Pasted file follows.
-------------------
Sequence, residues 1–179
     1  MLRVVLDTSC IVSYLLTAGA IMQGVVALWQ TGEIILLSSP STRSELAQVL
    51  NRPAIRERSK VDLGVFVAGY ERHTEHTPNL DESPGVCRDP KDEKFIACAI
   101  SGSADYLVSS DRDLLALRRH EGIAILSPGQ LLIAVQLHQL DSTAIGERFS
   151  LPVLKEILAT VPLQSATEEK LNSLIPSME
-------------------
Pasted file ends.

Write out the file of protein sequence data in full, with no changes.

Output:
Sequence, residues 1–179
     1  MLRVVLDTSC IVSYLLTAGA IMQGVVALWQ TGEIILLSSP STRSELAQVL
    51  NRPAIRERSK VDLGVFVAGY ERHTEHTPNL DESPGVCRDP KDEKFIACAI
   101  SGSADYLVSS DRDLLALRRH EGIAILSPGQ LLIAVQLHQL DSTAIGERFS
   151  LPVLKEILAT VPLQSATEEK LNSLIPSME